not help solve them. Conversely, when security is practiced
in the sunshine, everyone gets a chance to
evaluate and improve the system.
At a minimum, making the details of security available internally in
your security story will help everyone on the development team communicate and collaborate easily.

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Making secu
rity details public, on the other hand, causes

concern in many organizations. While there is
not much sense in protecting information that attackers can easily figure out, certain assets, such as
source code may contain valuable intellectual property. Alt
hough applications should be secure even if
attackers are in possession of the source code, it seems prudent for many organizations not to release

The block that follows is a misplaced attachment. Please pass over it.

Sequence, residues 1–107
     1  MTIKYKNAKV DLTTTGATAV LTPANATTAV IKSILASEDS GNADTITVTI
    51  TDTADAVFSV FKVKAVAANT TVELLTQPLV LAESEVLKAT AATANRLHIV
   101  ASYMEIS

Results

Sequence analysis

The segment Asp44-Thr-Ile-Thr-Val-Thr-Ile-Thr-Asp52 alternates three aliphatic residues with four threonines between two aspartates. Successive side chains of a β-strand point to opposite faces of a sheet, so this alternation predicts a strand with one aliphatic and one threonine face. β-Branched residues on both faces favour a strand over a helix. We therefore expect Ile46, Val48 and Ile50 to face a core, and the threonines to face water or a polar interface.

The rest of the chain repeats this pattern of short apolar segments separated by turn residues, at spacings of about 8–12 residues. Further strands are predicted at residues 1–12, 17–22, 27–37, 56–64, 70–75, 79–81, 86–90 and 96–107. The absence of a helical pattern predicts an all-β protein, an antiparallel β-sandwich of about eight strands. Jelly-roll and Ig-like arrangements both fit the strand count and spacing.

their code.
In this section, you should affirm your commitment to transparency and the ba
sic elements
of your

program
.

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The Overview Page

Most of the people interested in the security of your application are only looking to see that
you care

about
what matters to them
. They want to see that you have identified the
right lifelines

and have a
strategy in place for
dealing with them. They may drill down into an area or two, but for the most part
they are only interested in the high level story.

We recommend a one
-
page highly organized summary
of the rest of your security story.

The
Location

The security story
should be located an obvious place

for the intended audience (internal or external)
.
We recommend that every business locate their
main
security stor
y at “/se
curity” in their main website,
for example

http://www.example.com/security
. If the business operates multiple applications, then